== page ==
1. Things done on a manual basis using an agent usually have a fee attached. BMO’s comments above do not make clear if a fee is involved.

    • I agree there is likely a fee charged and it could be quite large. A transfer out is listed at $135 and that might be what they consider transferring stocks out of a RRIF and into a non-registered trading account to be. Still, even if there is a fee it might be worth it in some circumstances. I certainly would ask them for the details of any costs before making the request for a transfer, especially since the fees change fairly often.

      The May 1, 2014 fees and commissions schedule is now available online at: https://www.bmoinvestorline.com/selfDirected/pdfs/FeeSchedule_EN_May.pdf . Unfortunately, it doesn’t directly address this type of transfer.

  2. As a retiree dealing with two banks, I have found one bank claims it will do a direct in-kind transfer with the transfer value calculated using the FMV at the time the equities were removed from the RRIF and deposited in the TFSA. The other bank wants to do what your bank is proposing.

    What is the advantage of the in-kind transfer? If you transfer the minimum amount in early January, say units of D.UN which is presently yielding more than 9%, you will not be required to pay the tax until the following year. You will have more than a year to accumulate funds in the TFSA to assist with the payment of the tax due.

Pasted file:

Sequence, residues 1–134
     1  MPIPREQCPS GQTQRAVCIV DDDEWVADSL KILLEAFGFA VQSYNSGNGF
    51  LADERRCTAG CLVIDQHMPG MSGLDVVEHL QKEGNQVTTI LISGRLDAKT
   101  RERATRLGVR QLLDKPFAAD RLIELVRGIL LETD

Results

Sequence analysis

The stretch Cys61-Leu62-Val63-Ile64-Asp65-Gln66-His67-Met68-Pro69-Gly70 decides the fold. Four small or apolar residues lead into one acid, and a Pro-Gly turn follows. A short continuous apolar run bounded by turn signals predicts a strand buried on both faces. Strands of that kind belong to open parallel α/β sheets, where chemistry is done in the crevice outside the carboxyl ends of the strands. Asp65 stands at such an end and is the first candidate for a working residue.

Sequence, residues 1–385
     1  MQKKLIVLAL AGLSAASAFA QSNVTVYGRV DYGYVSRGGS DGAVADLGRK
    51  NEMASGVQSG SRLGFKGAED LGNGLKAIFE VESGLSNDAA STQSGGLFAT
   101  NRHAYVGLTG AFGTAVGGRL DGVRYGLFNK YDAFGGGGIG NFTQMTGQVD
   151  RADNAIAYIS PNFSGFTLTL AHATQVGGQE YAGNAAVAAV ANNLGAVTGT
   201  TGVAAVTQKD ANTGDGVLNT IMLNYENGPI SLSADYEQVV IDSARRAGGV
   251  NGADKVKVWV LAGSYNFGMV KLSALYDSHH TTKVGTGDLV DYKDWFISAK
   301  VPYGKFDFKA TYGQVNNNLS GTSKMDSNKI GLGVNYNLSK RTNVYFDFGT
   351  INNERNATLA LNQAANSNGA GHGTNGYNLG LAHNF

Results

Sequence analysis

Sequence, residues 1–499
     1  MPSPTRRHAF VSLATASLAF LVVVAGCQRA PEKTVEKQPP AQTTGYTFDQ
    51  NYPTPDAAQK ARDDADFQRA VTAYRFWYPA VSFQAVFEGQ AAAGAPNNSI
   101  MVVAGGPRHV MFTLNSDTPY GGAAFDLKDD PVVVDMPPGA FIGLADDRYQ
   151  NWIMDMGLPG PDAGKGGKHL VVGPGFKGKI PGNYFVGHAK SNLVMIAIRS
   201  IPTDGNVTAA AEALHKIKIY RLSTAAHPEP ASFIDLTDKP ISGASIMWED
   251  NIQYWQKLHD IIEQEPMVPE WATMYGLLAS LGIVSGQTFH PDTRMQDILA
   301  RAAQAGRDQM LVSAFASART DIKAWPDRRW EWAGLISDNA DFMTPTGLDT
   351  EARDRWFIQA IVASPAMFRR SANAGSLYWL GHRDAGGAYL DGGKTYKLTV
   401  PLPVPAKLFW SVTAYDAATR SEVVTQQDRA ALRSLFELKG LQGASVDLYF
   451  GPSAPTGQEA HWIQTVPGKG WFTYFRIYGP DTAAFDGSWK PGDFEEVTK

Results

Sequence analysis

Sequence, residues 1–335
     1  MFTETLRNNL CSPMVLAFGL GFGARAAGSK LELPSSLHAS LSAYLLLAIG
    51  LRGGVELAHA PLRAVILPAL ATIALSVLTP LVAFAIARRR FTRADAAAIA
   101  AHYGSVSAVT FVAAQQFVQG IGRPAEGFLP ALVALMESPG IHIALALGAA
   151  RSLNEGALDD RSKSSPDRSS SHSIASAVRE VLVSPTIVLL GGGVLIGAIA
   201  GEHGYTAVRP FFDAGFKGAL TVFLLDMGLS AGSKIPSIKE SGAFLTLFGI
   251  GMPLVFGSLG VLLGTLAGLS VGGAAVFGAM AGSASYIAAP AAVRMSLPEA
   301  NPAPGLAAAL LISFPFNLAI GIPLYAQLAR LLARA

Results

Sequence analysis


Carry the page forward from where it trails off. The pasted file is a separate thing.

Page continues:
The next year, the D.UN yield will be available for living in retirement and as the money is coming out of a TFSA, it will not be counted as income and will therefore come with a lot of associated benefits.

    For a retiree trying his best to makes end meet and ensure that his wife does not run out of funds even if she lives into her 90s, as many women in her family have done, these little problems and quite big.

    • Thanks for sharing your insights and strategy. Yes, even small benefits can really add up over a few years, especially within a TFSA. I guess as we approach a RRIF we’ll have to check very carefully what each brokerage will allow us to do.
      Thanks again for commenting!

  3. From TaxTips.ca

    “The Minister of Finance issued a press release on November 20, 2008 indicating that he was expecting all financial institutions to accommodate in kind transfers from a RRIF, at no cost to clients, or offer another solution that achieved the same result.”